|30 December 2007
Scandinavians invented ice skating in 3000 BCE
Archaeological evidence suggests that the first skates made of animal bones date back to 3000 BCE, helping people travel more widely during frozen winters in Finland, marking the start of the evolution of more sophisticated skates. Constructed of trimmed horse or cow bones, and pierced at one end and strapped to the foot with leather thongs, they were not powered by the classic skating motion but used in tandem with a long stick; skaters straddled the stick and poled themselves along.
In the Biological Journal of the Linnean Society of London, Dr Frederico Formenti and Professor Alberto Minetti of Oxford University lay out the evidence supporting the idea that the birth of ice skating took place in Southern Finland, where the number of lakes within a given area is the highest in the world. "In Central and Northern Europe, 5,000 years ago people struggled to survive the severe winter conditions and it seems unlikely that ice skating developed as a hobby," says Dr Formenti. "As happened later for skis and bicycles, I am convinced that we first made ice skates in order to limit the energy required for our daily journeys".
To test their theories the scientists made ice skates modelled on 23 ancient specimens in the British Museum and the Fitzwilliam Museum in Cambridge. In experiments on an ice rink by the Alps, the team measured the energy consumption of five retired professionals while skating on bones, showing they were relatively slow, reaching around 2.5 mph. However, through mathematical models and computer simulations of 240 ten-kilometre (six mile) journeys, their research shows that in winter the use of bone skates on frozen lakes - around 60,000 in Finland - would have limited the energy requirements of Finnish people by 10 per cent as they zipped about. The energy saving was only 3 per cent in Norway, and 1 per cent or less in Sweden, Germany and the Netherlands. The effect reflects the local geography of southern Finland, which has the highest concentration of lakes in a 100 sq km area anywhere in the world. "In order to better adapt to the severe conditions imposed by the long lasting winters, Finnish populations could benefit more than others from developing this ingenious locomotion tool."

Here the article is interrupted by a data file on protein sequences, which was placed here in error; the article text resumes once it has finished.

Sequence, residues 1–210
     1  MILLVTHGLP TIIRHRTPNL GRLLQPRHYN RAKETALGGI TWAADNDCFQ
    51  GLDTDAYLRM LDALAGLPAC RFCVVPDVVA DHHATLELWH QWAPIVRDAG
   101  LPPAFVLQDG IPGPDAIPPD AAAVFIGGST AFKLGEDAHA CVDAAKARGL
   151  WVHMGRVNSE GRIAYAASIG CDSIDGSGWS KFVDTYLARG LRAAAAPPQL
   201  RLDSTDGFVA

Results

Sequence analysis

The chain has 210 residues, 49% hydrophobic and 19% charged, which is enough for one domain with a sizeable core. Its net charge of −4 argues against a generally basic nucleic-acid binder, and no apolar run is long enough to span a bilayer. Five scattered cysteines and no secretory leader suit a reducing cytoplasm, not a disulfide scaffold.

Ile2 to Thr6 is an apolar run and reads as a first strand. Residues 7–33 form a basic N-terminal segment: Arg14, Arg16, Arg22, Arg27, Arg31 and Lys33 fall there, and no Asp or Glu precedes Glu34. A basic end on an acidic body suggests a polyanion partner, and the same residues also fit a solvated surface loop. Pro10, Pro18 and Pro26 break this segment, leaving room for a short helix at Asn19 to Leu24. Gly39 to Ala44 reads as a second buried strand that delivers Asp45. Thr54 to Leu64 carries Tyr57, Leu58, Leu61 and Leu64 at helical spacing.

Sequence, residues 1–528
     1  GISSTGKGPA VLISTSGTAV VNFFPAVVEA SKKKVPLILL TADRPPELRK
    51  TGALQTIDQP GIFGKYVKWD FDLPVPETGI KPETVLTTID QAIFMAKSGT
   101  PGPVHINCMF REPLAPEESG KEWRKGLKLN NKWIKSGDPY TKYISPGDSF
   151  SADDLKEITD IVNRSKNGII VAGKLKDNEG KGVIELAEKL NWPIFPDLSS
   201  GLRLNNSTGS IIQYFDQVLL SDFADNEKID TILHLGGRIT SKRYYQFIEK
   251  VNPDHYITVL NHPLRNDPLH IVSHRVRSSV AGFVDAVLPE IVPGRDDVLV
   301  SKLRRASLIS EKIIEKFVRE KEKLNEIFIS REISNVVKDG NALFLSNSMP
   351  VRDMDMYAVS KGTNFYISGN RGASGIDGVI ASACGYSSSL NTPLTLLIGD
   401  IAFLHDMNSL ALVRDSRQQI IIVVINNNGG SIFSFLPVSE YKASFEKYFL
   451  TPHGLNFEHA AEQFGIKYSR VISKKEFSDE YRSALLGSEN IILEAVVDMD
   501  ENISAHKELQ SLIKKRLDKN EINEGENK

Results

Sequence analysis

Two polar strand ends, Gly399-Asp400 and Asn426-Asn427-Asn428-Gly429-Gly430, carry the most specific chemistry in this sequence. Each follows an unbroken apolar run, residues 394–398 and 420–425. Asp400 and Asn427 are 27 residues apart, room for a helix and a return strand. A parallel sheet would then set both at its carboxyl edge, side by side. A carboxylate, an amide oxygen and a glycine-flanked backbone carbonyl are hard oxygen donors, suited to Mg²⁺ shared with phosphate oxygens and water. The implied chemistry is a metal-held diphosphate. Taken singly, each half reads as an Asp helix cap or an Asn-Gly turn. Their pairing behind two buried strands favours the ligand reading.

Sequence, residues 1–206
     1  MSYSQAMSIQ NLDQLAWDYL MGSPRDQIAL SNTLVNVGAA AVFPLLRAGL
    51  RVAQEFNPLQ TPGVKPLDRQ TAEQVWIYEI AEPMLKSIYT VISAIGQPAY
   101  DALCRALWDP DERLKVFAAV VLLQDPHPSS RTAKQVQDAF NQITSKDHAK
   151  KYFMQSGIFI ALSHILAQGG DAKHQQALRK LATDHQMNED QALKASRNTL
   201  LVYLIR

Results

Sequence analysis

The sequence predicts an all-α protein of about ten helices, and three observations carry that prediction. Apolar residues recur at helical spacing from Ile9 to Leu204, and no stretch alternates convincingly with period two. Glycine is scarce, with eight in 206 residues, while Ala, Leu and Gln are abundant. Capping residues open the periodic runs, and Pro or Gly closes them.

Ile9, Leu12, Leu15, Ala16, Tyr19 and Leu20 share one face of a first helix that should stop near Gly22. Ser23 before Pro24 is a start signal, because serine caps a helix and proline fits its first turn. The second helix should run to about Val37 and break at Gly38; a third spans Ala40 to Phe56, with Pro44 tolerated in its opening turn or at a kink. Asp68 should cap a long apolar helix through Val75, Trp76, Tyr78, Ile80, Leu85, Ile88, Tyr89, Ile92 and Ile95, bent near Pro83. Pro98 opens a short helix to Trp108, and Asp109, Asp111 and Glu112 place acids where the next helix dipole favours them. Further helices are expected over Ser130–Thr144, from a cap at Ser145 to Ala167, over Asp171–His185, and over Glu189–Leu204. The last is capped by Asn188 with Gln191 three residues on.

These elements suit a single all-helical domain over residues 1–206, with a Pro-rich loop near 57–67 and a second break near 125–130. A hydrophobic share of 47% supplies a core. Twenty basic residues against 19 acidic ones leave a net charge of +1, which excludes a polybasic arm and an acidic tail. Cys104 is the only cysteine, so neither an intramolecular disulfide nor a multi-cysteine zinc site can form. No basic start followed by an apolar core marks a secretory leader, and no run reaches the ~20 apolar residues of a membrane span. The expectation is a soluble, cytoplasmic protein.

Other research by the team shows that the energy cost of skating on ice decreased dramatically through history, as bone gave way to iron and then steel, with modern ice- skating only using 25 per cent of the effort associated with the use of bone skates. The researchers conclude: "Ice skates were probably the first human powered locomotion tools to take the maximum advantage from the biomechanical properties of the muscular system: even when travelling at relatively high speeds, the skating movement pattern required muscles to shorten slowly so that they could also develop a considerable amount of force."
Sources: EurekAlert! (23 December 2007), Times Online, The Guardian (24 December 2007), Telegraph (26 December 2007)
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